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'Helicopter parenting' adopted by well-off parents are giving their children the best chance of success in life.
That's the claim of a new book that tackles the controversial style of raising youngsters.
Critics - Tendencies - Class - Parents - Children
Critics of the micro-managing tendencies of middle class parents have claimed that they lead to 'defiant' children who are poorly prepared for the real world.
Now, economists have argued that such intensive pushy parenting can bring life-changing benefits to children, particularly when it comes to academic achievement.
Approach - Gulf
However the approach may also be partly responsible for the widening gulf between rich and poor, they say.
Dr Matthias Doepke, a professor of economics in the Weinberg College of Arts and Sciences at Northwestern University, and co-author Dr Fabrizio Zilibotti of Yale University are behind the claims.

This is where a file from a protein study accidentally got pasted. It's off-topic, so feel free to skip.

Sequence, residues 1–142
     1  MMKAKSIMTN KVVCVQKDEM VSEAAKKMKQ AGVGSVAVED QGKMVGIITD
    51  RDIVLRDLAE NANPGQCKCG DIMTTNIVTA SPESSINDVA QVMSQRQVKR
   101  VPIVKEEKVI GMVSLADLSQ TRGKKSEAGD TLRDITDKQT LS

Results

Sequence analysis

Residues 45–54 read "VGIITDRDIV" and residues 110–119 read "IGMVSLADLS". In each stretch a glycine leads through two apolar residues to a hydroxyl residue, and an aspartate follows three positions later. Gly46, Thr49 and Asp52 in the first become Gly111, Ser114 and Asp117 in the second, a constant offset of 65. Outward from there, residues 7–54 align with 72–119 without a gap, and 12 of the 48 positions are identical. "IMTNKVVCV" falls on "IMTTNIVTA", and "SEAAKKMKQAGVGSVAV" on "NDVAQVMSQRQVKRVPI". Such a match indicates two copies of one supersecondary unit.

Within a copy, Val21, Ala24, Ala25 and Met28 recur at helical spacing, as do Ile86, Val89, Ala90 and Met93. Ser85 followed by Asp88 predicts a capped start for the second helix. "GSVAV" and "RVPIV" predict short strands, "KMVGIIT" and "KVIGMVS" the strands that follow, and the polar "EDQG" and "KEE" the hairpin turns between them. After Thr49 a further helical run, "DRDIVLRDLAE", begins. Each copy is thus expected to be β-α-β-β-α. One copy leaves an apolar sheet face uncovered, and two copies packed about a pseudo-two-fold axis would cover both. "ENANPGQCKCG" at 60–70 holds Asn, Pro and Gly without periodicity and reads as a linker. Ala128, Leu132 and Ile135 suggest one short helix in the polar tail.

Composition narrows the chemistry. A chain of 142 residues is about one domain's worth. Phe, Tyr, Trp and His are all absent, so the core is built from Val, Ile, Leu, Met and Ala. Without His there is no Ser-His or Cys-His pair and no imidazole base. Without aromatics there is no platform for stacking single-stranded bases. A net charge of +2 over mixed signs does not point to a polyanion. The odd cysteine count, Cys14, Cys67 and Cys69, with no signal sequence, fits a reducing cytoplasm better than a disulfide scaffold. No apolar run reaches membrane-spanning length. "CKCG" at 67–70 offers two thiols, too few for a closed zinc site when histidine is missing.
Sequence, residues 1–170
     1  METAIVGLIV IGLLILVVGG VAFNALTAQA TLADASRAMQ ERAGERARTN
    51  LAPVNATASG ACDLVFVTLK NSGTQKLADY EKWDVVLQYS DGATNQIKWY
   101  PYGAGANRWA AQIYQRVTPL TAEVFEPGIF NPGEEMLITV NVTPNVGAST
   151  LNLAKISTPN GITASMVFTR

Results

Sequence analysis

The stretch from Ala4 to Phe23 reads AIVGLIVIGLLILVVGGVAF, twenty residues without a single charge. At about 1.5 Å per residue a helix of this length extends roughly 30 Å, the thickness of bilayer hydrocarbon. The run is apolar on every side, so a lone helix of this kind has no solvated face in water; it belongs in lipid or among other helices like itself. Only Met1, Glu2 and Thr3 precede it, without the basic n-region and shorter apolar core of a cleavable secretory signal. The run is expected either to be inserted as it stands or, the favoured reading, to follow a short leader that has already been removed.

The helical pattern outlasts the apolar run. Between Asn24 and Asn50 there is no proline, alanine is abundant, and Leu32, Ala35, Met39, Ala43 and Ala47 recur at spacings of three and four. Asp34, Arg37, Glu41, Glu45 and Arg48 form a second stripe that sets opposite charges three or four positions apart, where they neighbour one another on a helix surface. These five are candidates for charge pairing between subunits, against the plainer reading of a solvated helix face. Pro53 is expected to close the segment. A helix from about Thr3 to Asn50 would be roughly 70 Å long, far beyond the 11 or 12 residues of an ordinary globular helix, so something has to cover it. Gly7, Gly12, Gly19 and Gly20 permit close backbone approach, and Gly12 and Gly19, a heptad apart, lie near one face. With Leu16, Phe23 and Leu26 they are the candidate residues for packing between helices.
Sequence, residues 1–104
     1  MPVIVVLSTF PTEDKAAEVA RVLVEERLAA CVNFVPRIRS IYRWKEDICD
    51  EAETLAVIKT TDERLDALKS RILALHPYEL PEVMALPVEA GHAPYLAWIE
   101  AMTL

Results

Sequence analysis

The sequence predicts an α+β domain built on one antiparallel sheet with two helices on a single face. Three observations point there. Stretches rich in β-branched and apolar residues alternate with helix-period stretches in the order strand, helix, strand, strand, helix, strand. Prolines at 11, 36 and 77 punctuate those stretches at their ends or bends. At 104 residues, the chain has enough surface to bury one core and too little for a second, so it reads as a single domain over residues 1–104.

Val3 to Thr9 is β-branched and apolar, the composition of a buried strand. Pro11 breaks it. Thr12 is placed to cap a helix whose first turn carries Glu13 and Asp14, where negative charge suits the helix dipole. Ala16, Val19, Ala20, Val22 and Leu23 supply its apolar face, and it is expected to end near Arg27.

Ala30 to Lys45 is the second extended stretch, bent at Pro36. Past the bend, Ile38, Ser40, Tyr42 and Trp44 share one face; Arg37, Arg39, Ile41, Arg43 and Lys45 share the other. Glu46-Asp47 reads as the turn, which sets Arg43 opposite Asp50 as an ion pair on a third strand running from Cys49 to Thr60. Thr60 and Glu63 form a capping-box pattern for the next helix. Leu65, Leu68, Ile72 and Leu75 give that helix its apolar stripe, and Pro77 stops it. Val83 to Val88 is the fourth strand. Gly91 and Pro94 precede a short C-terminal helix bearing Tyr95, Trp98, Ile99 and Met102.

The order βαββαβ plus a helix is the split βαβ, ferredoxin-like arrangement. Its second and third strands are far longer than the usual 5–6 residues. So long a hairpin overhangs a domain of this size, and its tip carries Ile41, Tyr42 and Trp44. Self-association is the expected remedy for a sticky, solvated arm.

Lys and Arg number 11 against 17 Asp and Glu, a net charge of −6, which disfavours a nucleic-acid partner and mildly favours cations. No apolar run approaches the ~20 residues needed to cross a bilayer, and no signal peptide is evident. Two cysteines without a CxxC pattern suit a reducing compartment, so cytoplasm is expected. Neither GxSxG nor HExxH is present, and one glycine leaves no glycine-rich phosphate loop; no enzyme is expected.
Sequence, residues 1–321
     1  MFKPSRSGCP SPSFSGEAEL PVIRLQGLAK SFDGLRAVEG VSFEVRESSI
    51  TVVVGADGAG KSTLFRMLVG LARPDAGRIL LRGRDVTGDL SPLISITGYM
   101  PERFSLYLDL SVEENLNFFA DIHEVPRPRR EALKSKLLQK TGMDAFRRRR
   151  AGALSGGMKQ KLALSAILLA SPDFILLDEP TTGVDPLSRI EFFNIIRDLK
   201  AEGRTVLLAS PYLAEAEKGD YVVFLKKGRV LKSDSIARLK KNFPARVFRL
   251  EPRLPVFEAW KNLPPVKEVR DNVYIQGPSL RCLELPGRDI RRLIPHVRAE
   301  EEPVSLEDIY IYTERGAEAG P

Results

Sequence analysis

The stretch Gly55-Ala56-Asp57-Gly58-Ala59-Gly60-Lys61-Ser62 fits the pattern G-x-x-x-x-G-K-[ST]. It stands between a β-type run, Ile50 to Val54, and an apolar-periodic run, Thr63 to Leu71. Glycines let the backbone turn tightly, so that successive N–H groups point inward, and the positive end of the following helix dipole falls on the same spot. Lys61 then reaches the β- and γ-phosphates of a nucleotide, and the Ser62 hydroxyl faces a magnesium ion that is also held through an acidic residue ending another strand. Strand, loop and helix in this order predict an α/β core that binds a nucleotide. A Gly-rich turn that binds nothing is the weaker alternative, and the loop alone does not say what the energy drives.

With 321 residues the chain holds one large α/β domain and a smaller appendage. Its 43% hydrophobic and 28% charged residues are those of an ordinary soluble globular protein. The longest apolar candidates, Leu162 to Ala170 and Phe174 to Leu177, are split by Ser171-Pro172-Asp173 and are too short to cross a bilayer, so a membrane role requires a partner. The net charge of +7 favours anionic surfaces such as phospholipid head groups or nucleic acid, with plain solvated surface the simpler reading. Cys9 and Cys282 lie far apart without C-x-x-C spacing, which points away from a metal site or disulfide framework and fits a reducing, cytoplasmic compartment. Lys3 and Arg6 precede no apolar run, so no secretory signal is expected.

Anecdotes - Research - Pair - Show - Countries
Through personal anecdotes and original research, the pair show that in countries with increasing economic inequality, such as the United States, parents push harder to ensure their children have a path to security and success.
Dr Doepke and Dr Zilibotti analysed academic tests of 15-year-olds around the world, according to reports in the New York Times.
Results - Reports - Teenagers - Parents
They then compared these results to reports from teenagers and their parents about how they interact.
The researchers discovered that 'helicopter parenting' styles correlated with higher academic attainment.
Parents - Meals - School - Lot - Freedom
'My parents expected us to show up for meals, go to school and be home before dark, but other than that, we had a lot of freedom,' Dr Doepke said.
'The reality is that I...
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